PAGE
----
Monday, December 24, 2007


We are a society that claims to value rational inquiry into almost any subject you can name. We are hungry for knowledge. So we say.

We are eager to know what the moon is made of, what lies at the bottom of the sea, how do centipedes move, and whether a horse lifts all four legs off the ground at once when it trots. What was Abraham Lincoln really like? How does the brain work? What is the human genome?

If there are practical results to any of these questions, like medical breakthroughs, so much the better. But that's not necessary. We just like to know. We especially like it if the answers are rational, scientific, well-founded, indisputable or almost indisputable. "So now we finally know ..." There are no more thrilling words for many people.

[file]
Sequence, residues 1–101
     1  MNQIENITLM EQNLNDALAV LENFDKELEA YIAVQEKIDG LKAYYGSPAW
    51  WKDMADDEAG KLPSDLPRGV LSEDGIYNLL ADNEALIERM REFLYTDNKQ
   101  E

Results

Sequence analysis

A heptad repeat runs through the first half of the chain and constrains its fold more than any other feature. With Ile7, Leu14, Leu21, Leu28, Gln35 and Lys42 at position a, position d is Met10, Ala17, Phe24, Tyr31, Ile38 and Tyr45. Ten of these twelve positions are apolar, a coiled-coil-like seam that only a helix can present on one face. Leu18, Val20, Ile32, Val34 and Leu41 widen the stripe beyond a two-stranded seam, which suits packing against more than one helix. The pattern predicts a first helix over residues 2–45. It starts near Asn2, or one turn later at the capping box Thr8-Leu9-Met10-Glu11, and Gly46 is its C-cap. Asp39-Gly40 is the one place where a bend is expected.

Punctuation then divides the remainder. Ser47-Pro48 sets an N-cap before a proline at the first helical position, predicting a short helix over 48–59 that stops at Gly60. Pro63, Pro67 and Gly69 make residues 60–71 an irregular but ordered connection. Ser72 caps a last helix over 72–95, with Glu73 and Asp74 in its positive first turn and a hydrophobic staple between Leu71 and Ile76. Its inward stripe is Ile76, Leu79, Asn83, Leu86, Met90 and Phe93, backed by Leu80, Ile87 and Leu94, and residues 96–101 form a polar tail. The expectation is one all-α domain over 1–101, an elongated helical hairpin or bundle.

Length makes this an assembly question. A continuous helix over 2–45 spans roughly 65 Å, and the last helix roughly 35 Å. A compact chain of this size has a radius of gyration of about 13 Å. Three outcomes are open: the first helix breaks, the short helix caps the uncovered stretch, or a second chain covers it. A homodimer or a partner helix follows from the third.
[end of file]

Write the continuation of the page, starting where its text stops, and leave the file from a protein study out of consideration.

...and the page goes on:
But there is one great exception. I could repeat it on every blog. Nobody wants to know the historical Jesus, Jew that he was. That includes scholars. We are so much happier with the myths about him. The myth of some Jews killing Jesus is a special favorite. To this day, almost no one has let go of it. No one even questions it.

Everyone promotes their preferred theology or their favorite wild speculation that titillates us (like the claim that Jesus was married). But rational inquiry based on an abundance of evidence is the last thing anybody wants. Myth about Jesus is so much better, so much more satisfying. Why is it like this? Will it always be this way?

This page is powered by Blogger. Isn't yours?